Graduate interns earn less after three years than those who shun unpaid work, study finds

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Unpaid internships can damage future earnings, according to a new study.

New research from the University of Essex delivered the surprising finding that, three-and-a-half years after graduating, those who took an unpaid internship earned on average £2,000 less than peers who did not take one.

The survey, carried out by the university‘s Institute for Social and Economic Research, found that former interns earned £3,500 less than those who went directly into paid work and £1,500 less than those who continued their education.

The disparity was starker still among those from disadvantaged backgrounds, who earned £4,000 less than peers who entered the workforce directly after graduating.

The difference in earnings was less pronounced among former interns whose parents worked in a professional occupation or who went to private school.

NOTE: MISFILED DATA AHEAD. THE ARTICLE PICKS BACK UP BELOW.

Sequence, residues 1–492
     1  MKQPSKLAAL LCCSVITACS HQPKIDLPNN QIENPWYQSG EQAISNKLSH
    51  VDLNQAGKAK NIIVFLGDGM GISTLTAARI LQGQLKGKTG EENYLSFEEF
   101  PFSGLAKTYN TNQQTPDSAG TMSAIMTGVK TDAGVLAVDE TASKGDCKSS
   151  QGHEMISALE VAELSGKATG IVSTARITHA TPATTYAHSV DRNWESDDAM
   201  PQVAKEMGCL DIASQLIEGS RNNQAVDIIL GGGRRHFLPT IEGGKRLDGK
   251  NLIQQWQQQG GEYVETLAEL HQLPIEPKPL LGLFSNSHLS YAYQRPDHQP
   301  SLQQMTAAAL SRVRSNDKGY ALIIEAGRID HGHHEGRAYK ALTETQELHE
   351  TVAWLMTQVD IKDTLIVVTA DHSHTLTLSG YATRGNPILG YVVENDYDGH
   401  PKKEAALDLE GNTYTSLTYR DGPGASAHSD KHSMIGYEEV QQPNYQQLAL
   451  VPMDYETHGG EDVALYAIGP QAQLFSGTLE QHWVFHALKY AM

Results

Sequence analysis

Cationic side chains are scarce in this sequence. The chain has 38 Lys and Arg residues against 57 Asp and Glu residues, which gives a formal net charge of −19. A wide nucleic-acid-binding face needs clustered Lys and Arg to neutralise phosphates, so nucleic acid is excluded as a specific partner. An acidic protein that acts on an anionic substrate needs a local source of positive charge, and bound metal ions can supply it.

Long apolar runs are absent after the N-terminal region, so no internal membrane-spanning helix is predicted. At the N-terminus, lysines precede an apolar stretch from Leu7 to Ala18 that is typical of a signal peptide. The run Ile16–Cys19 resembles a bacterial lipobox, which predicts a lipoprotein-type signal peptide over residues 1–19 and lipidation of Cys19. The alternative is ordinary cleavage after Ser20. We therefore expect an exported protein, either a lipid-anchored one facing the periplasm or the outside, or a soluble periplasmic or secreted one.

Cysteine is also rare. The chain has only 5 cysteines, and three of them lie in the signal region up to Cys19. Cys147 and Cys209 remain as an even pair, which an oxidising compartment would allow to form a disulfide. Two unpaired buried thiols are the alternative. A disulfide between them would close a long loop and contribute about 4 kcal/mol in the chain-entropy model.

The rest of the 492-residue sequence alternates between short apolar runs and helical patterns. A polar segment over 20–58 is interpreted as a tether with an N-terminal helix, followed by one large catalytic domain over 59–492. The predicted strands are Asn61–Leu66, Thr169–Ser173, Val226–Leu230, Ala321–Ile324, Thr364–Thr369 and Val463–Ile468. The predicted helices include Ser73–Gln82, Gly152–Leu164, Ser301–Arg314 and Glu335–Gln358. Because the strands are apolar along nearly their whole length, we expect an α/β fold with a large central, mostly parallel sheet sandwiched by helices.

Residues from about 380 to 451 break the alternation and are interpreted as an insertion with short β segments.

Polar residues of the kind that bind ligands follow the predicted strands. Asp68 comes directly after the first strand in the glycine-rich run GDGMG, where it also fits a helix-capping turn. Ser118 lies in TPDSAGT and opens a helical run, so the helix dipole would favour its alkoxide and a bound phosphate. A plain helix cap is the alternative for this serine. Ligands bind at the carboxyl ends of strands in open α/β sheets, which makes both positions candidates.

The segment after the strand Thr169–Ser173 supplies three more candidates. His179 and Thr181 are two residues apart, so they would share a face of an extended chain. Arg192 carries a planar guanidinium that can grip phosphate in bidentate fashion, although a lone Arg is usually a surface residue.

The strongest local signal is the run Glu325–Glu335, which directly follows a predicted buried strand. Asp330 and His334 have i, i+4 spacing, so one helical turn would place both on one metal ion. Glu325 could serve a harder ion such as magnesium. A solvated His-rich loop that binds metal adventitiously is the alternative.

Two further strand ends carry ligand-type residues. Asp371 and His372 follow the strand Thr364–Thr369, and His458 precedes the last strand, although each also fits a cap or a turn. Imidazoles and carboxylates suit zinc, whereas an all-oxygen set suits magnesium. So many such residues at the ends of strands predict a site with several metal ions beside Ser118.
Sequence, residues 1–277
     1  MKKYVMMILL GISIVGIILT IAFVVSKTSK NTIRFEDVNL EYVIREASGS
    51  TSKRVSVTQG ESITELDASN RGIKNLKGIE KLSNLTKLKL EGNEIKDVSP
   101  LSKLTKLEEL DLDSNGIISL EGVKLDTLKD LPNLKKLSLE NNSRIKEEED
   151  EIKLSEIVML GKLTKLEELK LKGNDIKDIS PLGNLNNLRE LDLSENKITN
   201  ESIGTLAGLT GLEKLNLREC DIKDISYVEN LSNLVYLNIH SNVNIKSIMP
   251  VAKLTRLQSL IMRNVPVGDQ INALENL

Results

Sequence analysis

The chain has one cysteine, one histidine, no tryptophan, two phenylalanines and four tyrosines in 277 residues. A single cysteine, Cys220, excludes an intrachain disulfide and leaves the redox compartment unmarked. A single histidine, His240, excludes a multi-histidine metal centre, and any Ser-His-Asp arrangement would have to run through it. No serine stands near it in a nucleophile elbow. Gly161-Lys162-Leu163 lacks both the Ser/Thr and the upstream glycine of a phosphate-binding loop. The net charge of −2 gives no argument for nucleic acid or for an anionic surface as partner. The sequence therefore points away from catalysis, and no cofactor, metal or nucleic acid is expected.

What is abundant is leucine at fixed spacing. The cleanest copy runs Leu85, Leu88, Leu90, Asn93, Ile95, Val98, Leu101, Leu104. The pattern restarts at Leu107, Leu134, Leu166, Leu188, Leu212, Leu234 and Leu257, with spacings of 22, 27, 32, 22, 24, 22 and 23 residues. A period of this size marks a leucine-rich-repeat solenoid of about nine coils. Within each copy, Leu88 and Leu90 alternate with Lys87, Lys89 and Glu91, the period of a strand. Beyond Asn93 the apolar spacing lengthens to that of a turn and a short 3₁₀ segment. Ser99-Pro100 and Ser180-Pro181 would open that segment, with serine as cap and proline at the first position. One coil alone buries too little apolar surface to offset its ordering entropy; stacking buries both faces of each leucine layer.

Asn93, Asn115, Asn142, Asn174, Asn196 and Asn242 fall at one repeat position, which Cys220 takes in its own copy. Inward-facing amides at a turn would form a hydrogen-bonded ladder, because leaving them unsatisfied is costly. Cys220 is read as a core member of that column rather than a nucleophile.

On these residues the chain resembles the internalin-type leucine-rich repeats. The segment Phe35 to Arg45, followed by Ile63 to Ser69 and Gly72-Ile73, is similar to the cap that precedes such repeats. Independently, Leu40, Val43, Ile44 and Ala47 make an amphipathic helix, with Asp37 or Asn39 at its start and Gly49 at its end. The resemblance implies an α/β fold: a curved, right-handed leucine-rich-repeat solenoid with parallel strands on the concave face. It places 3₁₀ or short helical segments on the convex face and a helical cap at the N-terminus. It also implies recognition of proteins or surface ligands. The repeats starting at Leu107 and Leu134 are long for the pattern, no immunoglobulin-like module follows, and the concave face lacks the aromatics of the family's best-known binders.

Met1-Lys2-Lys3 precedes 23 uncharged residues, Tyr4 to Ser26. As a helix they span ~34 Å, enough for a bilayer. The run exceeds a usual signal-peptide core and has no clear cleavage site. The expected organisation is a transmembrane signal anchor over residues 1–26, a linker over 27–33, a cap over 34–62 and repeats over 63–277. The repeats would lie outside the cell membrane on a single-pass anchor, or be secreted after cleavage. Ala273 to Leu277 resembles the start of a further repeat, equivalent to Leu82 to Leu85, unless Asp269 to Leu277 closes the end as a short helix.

Meanwhile, graduates from more privileged backgrounds were – perhaps unsurprisingly – best able to secure “good” work placements.

The study uses the data from the Destination of Leavers from Higher Education survey of graduates from English and Welsh universities between 2005 and 2011.

It studies the effects three years on from taking an unpaid internship within six months after graduating from a first degree.

The research paired each former intern with a “matched” individual, according to demographic characteristics and reported motivations for taking the job or internship they are in. 

Study author Dr Angus Holford commented that it was necessary to provide interns with accurate information about where their work placements would lead.

“We all need to understand the rules of any lottery we are entering,” he wrote.


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